By allowing ads to appear on this site, you support the local businesses who, in turn, support great journalism.
Sheriff: Pranks to celebrate homecoming dangerous
Recent break-ins have residents on alert
Crime Sheriffs Logo

It’s the time of year time for high school homecoming games and teens pulling pranks, but Bulloch County Sheriff Lynn Anderson said pranksters could be mistaken for criminals.
With citizens on alert due to a rash of recent automobile break-ins and auto thefts, it could be dangerous for teens to sneak around and pull pranks such as “rolling” yards, he said.
“As homecoming season approaches,  I would like to ask parents for their assistance in curbing incidents of vandalism which routinely occur in neighborhoods as part of homecoming,” he said. “With the recent rise in vehicle thefts and entering autos in residential areas, there is a heightened sense of awareness on the part of residents in these areas.”
Also, deputies patrolling these neighborhoods need to be able to distinguish the real criminals from kids engaged in what they consider “harmless fun,” he said. “There is a real danger during this time for misunderstandings to occur, and I ask anyone not residing or having legitimate business in these neighborhoods to not linger in them, especially at late hours.” Parents making sure their teens refrain from toilet papering yards and other traditional pranks “will ensure that deputies on patrol do not waste valuable time stopping pranksters and responding to complaints of trespassing,” he said.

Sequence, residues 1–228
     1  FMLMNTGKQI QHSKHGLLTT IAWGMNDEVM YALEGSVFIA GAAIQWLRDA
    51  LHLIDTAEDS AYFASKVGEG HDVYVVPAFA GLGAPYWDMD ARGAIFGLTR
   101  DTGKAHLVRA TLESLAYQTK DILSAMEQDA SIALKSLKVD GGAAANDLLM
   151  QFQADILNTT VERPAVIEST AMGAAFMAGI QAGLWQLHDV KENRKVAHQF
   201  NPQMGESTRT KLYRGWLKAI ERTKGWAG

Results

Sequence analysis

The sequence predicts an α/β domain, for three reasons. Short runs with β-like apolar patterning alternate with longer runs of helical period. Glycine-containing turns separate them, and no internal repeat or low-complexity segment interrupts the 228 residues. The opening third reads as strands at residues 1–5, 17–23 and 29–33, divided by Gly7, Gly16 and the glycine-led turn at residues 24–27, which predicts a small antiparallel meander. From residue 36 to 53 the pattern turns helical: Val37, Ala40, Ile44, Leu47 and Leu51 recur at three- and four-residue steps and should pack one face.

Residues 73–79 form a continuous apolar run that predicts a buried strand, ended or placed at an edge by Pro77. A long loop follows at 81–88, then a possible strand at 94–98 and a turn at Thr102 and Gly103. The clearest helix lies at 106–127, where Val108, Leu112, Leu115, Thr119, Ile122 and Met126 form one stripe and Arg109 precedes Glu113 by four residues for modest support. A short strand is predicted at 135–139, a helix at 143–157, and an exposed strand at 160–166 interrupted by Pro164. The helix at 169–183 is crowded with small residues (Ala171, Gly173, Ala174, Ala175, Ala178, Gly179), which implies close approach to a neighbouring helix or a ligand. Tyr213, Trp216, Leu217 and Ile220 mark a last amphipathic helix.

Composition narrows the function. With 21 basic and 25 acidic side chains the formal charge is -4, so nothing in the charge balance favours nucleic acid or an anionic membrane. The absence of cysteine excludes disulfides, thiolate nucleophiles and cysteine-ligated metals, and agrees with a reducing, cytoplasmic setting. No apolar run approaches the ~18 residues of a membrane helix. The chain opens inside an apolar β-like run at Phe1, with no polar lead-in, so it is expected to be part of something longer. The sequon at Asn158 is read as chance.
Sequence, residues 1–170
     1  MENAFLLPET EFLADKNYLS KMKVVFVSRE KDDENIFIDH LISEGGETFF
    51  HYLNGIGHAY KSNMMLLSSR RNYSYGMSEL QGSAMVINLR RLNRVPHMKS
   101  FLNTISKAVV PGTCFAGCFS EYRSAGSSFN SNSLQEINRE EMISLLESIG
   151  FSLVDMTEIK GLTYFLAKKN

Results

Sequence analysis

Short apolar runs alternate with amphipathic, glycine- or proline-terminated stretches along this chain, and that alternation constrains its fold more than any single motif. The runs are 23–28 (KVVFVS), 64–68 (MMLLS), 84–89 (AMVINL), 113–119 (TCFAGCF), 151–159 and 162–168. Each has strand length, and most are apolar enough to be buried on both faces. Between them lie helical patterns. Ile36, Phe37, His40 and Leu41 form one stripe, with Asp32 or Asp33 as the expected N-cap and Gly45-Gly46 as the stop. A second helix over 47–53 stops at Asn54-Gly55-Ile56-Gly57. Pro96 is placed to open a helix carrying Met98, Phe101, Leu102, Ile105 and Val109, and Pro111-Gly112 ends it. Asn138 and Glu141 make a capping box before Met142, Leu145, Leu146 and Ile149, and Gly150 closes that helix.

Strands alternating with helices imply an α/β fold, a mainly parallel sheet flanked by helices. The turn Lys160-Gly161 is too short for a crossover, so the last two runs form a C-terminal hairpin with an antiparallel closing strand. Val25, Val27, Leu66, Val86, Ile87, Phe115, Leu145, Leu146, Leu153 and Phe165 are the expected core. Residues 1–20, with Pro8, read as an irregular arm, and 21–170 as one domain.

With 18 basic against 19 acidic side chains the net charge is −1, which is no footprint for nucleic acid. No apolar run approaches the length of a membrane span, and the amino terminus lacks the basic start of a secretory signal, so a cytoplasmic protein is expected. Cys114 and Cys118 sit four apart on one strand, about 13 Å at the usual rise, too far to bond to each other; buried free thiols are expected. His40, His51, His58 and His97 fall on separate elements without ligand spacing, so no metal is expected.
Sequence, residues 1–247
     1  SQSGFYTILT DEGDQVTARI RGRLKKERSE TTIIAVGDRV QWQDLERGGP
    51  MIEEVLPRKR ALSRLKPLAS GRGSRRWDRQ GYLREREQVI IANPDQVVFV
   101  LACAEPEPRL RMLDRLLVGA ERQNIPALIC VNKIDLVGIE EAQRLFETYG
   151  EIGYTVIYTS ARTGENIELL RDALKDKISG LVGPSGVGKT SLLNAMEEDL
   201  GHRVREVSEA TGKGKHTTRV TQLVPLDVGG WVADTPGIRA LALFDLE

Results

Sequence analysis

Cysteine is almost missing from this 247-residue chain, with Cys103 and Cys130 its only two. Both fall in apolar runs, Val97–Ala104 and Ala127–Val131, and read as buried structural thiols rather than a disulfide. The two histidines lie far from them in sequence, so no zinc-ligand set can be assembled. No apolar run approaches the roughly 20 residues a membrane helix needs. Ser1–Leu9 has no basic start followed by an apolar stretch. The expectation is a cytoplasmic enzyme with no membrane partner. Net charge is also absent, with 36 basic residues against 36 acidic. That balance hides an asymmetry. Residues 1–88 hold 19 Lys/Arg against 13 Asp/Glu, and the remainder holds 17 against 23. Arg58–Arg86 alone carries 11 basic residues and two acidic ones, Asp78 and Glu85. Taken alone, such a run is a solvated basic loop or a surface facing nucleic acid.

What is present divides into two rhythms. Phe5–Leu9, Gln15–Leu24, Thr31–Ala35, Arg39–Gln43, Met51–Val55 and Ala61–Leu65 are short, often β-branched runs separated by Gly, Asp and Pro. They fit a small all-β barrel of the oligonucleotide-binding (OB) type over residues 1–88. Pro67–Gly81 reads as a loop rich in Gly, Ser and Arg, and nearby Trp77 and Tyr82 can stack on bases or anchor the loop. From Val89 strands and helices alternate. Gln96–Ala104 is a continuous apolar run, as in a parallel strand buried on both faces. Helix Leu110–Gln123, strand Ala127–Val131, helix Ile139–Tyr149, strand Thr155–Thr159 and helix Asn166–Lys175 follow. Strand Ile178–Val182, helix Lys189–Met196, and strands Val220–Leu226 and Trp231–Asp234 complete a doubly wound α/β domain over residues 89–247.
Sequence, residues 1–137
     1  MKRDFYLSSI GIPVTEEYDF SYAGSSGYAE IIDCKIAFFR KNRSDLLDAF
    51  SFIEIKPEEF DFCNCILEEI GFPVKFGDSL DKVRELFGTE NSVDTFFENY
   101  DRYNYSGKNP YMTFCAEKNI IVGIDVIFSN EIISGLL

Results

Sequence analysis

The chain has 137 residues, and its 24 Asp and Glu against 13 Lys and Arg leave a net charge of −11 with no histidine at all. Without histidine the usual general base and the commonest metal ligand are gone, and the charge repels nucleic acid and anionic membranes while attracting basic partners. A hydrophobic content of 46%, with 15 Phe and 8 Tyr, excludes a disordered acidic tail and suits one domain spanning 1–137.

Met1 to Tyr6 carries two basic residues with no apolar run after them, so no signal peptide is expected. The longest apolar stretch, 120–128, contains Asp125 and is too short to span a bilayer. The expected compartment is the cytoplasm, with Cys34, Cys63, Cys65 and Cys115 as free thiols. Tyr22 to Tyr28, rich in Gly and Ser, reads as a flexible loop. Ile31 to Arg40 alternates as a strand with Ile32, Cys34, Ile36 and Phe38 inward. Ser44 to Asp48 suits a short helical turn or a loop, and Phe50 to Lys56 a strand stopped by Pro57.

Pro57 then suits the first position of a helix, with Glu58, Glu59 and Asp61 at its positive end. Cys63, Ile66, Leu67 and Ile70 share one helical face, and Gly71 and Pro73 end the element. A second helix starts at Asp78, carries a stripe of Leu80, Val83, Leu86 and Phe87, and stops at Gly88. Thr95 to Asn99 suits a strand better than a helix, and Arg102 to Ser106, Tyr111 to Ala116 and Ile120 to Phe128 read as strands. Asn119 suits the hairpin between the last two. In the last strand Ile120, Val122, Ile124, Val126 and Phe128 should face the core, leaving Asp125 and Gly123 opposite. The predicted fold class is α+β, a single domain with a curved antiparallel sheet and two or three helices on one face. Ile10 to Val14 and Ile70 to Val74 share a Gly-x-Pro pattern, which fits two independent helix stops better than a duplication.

Deputies are focused on putting a stop to thefts and if they are called to respond to prank calls, or calls in which homeowners see or hear pranksters and believe they are thieves, it could prevent a deputy from responding in a timely manner to more serious call.
When the phone lines are kept busy with calls about pranks, “It makes it harder for law enforcement to tell whether the trespassers are teens playing jokes or whether they are true suspicious persons,” Anderson said. “They should lay off that and let us be focused on patrolling and solving these more serious crimes.”
Another concern is safety. Teens intent on tossing toilet paper rolls over tree limbs could be mistaken for suspects who have targeted local neighborhoods in breaking into cars, and some homeowners might take matters into their own hands before calling law enforcement, he said.
Again, parents are urged to make sure their teens find alternate ways to celebrate homecoming and stay away from people’s private property, he said.
In past years, the sheriff’s department has fielded numerous complaints during homecoming season about minor vandalism, including yards covered in toilet paper, plastic forks, cars and door knobs coated in food and other substances.

Holli Deal Bragg may be reached at (912) 489-9414.

Sign up for the Herald's free e-newsletter